• Jamal
    Getting back into Proust's In Search of Lost Time. I find it relaxing, like watching snooker at the Crucible on TV on a Saturday afternoon. But it's better than snooker:

    But then, even in the most insignificant details of our daily life, none of us can be said to constitute a material whole, which is identical for everyone, and need only be turned up like a page in an account-book or the record of a will; our social personality is created by the thoughts of other people. Even the simple act which we describe as "seeing some one we know" is, to some extent, an intellectual process. We pack the physical outline of the creature we see with all the ideas we have already formed about him, and in the complete picture of him which we compose in our minds those ideas have certainly the principal place. In the end they come to fill out so completely the curve of his cheeks, to follow so exactly the line of his nose, they blend so harmoniously in the sound of his voice that these seem to be no more than a transparent envelope, so that each time we see the face or hear the voice it is our own ideas of him which we recognise and to which we listen. — Proust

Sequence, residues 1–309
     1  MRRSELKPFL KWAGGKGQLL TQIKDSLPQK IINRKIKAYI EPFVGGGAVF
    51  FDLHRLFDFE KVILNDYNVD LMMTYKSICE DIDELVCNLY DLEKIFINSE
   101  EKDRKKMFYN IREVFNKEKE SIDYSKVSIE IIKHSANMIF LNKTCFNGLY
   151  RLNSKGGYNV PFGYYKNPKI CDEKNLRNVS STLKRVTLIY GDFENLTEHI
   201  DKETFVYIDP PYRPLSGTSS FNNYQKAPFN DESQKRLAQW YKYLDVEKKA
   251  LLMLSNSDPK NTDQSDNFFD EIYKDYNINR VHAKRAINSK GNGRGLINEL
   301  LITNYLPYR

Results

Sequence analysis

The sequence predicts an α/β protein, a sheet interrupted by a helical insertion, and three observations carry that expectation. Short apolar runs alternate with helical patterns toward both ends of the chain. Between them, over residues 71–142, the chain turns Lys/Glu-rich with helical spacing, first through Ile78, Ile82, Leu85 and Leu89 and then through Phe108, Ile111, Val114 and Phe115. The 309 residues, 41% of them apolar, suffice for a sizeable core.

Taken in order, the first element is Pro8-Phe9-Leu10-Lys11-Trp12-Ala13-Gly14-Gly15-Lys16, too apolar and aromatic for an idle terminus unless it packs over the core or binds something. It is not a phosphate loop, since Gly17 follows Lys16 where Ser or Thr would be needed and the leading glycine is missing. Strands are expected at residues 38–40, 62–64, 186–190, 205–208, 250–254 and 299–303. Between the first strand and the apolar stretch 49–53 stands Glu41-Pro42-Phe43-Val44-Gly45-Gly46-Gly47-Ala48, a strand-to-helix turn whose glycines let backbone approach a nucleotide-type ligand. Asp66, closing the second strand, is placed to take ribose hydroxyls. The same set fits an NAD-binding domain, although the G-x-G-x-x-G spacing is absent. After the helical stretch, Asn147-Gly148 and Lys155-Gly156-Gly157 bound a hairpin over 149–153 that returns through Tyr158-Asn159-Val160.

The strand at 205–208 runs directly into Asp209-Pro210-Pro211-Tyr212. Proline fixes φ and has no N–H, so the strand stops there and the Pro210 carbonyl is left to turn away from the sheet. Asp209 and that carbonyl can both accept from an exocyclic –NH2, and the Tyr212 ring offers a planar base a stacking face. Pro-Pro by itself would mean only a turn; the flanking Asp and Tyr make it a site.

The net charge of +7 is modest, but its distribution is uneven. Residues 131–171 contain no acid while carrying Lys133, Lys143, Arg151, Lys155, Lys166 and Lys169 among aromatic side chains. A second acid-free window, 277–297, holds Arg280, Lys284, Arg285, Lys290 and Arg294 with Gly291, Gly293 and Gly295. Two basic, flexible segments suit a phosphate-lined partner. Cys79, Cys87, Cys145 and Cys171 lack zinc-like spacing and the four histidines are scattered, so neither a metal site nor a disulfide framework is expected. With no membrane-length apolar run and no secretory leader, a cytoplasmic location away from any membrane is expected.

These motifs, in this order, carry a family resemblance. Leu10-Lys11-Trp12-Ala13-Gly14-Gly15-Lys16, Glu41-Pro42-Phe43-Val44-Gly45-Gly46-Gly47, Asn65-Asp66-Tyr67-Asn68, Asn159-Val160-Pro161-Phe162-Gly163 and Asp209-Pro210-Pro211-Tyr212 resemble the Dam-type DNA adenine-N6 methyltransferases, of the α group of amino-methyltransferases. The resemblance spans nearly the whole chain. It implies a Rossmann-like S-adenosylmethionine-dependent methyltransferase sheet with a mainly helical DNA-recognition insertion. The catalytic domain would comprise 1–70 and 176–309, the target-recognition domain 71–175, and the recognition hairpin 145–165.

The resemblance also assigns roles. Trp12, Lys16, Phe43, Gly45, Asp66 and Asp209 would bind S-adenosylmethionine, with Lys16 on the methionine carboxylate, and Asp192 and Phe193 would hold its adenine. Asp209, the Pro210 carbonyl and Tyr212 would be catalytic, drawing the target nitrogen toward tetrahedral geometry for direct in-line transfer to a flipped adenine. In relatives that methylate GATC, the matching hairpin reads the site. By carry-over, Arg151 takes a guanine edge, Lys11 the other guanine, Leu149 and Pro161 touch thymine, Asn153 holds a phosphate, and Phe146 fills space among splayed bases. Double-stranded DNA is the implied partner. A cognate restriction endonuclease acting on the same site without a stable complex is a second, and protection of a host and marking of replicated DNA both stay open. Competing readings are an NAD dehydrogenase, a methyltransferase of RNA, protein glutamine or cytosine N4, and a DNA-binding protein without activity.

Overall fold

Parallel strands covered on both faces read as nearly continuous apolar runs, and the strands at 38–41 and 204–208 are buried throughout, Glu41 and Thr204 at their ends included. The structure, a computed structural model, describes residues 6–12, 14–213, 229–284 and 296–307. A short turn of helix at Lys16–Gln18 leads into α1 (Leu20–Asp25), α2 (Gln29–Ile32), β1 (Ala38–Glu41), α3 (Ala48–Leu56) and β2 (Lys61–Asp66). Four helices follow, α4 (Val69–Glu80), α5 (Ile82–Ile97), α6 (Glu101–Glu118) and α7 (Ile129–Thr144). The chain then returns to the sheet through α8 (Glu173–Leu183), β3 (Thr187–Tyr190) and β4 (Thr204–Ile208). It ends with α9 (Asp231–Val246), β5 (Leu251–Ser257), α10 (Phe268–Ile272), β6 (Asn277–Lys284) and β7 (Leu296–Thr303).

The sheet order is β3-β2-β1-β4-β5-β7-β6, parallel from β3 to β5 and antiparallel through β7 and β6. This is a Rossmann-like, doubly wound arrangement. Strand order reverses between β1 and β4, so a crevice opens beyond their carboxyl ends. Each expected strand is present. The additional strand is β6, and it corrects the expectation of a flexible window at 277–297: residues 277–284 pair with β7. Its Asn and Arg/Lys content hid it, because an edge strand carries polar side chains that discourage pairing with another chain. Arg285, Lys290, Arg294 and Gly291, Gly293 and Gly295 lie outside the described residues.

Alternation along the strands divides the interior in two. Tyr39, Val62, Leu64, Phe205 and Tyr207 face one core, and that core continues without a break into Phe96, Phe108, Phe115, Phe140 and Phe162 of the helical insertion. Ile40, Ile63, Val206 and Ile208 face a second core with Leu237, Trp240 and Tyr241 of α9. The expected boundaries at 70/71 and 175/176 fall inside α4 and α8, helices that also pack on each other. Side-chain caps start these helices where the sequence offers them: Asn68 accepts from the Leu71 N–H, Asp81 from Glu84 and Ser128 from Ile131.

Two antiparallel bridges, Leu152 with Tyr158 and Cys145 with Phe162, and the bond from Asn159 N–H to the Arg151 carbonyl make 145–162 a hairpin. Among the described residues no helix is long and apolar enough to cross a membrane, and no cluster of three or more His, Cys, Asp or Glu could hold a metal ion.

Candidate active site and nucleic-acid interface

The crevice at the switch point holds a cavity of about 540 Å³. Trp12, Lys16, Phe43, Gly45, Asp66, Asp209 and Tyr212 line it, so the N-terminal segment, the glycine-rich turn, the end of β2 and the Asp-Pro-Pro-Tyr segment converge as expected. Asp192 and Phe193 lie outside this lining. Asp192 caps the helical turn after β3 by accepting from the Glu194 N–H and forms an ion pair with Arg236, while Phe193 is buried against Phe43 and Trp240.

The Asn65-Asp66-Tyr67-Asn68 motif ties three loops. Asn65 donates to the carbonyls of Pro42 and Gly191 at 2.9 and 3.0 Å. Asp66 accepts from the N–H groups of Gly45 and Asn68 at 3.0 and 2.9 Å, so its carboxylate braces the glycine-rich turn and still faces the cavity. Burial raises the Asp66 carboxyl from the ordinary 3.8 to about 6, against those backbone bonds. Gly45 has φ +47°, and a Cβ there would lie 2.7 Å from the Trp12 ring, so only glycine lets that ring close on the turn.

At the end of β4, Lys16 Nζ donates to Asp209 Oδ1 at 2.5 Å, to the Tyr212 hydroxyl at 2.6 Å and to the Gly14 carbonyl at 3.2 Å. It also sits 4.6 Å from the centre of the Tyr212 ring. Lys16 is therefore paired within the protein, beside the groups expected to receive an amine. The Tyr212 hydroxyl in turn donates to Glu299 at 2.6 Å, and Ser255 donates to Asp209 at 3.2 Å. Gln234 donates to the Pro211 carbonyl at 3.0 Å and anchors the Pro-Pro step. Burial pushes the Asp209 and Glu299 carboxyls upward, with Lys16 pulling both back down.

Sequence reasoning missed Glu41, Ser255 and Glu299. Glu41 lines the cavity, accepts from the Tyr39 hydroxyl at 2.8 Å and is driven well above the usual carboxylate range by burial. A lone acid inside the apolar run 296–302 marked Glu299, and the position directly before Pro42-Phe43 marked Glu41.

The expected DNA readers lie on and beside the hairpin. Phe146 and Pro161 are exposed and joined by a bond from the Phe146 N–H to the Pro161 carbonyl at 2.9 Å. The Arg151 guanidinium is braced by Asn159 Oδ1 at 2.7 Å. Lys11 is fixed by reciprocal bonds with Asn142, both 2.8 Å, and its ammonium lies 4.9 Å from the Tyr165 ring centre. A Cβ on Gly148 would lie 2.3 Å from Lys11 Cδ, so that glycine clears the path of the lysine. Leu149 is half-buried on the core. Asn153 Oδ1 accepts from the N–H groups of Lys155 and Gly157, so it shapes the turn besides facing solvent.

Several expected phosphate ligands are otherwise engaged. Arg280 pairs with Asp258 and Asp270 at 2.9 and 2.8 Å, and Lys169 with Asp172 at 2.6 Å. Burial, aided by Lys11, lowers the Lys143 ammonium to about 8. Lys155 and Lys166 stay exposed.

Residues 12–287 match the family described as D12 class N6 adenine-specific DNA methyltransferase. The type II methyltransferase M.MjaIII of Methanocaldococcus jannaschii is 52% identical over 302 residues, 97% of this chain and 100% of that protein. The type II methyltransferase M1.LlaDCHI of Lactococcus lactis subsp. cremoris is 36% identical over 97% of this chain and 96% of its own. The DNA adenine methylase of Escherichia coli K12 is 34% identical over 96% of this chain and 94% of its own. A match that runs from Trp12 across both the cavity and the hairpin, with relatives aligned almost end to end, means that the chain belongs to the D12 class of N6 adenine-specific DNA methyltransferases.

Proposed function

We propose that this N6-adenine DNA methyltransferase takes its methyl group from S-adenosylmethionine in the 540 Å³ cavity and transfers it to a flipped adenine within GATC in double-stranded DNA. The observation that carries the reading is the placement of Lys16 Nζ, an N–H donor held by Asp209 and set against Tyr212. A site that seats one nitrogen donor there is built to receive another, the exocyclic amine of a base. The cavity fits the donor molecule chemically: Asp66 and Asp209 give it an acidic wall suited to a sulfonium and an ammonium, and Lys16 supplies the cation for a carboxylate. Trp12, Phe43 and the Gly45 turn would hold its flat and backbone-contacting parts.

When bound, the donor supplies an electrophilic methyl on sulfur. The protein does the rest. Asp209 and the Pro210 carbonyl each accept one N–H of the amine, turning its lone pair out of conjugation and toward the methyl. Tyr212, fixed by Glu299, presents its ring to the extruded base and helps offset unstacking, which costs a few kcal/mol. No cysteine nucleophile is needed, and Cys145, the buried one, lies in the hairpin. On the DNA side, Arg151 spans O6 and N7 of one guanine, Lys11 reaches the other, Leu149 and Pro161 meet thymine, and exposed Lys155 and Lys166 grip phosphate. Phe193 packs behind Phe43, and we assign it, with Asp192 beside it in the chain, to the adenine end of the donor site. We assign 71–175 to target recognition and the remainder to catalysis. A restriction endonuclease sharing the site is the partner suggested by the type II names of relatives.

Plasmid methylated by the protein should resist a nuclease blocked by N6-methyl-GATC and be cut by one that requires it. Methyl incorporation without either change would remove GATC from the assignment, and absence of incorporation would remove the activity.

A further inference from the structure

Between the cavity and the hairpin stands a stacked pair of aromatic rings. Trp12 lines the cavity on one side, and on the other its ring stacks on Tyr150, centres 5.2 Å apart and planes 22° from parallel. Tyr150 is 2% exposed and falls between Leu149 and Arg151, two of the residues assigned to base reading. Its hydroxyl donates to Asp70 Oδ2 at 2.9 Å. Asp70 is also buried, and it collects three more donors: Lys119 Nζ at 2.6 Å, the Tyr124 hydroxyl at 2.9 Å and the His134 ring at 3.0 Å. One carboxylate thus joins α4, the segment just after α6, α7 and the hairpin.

• Benkei
    Currently reading: The Blade of Tyshalle, book 2 of the Acts of Caine quadrology.

    I stopped reading philosophy or anything serious since I already read contracts or legislation at least 8 hours a day. I go bonkers without an escape into Scifi or Fantasy.

    Look forward to philosophically useless updates by me in this thread! :B
  • Sentient
    Derrida's 'The Parergon' in which he excellently deconstructs Kant (one my absolute least favorite philosophers).
  • Agustino
    De Rerum Natura - Lucretius (re-reading this, greatly enjoying it!)
  • shmik
    Nietzsche Naturalism and Interpretation - Christoph Cox.
    I'm having some difficulties understanding Deleuze's Nietzsche and Philosophy and I happened across this book while searching for an explanation of the way Nietzsche uses being and becoming.
    Extremely clear and nicely argued.
  • The Great Whatever
    An Investigation of the Laws of Thought, on which are Founded the Mathematical Theories of Logic - George Boole
  • S
    I think I'll go back to Kant's 'Prolegomena' again. It has been a long time since I last delved into it. And maybe I'll start reading Russell's 'The Problems of Philosophy' too, at some point.

    There are still some of the 'great philosophers' of which I know so very little, but I'm still focused on the one's that I know a bit more about.
  • Streetlight
    Erin Manning - Relationscapes: Movement, Art, Philosophy
    Erin Manning - Always More Than One: Individuation's Dance
  • Ciceronianus
    I'm slowly reading the following:
    Ad Infinitum: A Biography of Latin--Ostler
    Studies in Ancient Society--Finley, Ed.
    The Life and Riotous Times of H.L. Mencken--Manchester
    The Wall: Rome's Greatest Frontier--Moffat
    Spinoza and the Stoics: Power, Politics and the Passions--DeBrabander
  • _db
    I'm ordering Hume's An Inquiry Concerning Human Understanding.
  • Phil
    Capital in the 21st Century- Pikkety
  • BC
    Terry Jones, Barbarians (an alternative history) - so far, B+ / A-
    Harlan Ellison, Deathbird Stories - so far, A
    Robert Paxton, The Anatomy of Fascism - so far A-